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M13: The Great Globular Cluster in Hercules
M13 is one of the most prominent and best known globular clusters. Visible with binoculars in the constellation of Hercules, M13 is frequently one of the first objects found by curious sky gazers seeking celestials wonders beyond normal human vision. M13 is a colossal home to over 100,000 stars, spans over 150 light years across, lies over 20,000 light years distant, and is over 12 billion years old. At the 1974 dedication of Arecibo Observatory, a radio message about Earth was sent in the direction of M13. The reason for the low abundance of unusual blue straggler stars in M13 is currently unknown.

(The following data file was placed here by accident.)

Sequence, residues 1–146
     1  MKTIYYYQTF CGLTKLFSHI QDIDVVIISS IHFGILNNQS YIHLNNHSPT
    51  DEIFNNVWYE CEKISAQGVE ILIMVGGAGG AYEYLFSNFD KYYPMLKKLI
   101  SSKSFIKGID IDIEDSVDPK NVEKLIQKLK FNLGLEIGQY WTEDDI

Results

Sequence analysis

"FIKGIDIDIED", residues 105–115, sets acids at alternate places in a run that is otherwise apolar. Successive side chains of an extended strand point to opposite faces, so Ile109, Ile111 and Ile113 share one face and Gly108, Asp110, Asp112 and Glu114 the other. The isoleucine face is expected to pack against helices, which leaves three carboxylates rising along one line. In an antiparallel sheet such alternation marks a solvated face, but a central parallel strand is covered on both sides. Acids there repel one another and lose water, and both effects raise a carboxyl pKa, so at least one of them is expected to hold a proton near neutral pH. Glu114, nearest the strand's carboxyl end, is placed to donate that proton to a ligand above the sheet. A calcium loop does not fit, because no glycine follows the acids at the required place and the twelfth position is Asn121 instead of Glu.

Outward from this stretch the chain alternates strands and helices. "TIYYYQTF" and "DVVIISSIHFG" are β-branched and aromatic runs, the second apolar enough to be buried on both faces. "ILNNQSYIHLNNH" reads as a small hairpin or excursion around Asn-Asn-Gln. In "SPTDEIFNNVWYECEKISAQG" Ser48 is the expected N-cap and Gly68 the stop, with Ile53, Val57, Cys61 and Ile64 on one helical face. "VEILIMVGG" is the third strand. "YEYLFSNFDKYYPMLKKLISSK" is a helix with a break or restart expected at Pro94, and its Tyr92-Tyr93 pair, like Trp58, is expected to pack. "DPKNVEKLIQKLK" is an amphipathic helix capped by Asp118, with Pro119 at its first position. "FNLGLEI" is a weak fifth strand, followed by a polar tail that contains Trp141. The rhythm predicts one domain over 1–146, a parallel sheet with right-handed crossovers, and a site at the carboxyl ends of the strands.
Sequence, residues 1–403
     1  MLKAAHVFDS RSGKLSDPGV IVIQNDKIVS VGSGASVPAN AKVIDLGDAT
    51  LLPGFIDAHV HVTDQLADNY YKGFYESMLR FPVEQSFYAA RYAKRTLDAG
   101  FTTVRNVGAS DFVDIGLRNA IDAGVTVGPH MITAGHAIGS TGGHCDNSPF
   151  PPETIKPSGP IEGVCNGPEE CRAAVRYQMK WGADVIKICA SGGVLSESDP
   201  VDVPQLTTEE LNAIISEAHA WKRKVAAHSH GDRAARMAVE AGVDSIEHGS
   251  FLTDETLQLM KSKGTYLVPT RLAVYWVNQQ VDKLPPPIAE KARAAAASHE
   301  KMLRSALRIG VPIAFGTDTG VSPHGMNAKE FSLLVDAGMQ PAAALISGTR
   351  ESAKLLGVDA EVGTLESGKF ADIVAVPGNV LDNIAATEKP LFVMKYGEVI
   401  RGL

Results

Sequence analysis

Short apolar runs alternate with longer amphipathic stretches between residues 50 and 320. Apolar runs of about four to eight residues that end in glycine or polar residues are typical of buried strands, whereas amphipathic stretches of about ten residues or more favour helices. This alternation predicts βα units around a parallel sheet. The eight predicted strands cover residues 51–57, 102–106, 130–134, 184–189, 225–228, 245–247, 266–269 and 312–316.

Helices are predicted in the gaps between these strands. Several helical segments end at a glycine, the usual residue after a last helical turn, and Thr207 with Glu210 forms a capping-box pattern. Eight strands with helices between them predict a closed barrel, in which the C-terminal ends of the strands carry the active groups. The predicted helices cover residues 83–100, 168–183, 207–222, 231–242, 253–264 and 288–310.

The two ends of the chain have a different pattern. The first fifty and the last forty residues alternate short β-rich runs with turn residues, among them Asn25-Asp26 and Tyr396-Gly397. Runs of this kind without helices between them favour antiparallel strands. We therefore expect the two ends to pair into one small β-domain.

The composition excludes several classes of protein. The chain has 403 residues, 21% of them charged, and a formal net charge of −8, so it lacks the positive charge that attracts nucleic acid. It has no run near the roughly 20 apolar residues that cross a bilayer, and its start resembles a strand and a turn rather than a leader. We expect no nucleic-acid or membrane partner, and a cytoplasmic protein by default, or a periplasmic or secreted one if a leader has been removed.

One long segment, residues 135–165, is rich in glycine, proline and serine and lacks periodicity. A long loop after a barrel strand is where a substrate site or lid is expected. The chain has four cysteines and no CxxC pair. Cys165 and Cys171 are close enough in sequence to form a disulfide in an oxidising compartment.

Elliptical galaxies and globular clusters have a lot in common. There is no gas or dust in a globular cluster, and the stars are old. In fact, globular clusters may be the some of the oldest objects in the universe. The big difference is size! Globular clusters contain hundreds of thousands or millions of stars. Elliptical galaxies can contain hundreds of billions of stars! And while elliptical galaxies are sometimes round, globular clusters are never elliptical. Globular clusters are found both in spiral galaxies and elliptical galaxies. The Milky Way, for example, has over one hundred globular clusters throughout it's halo.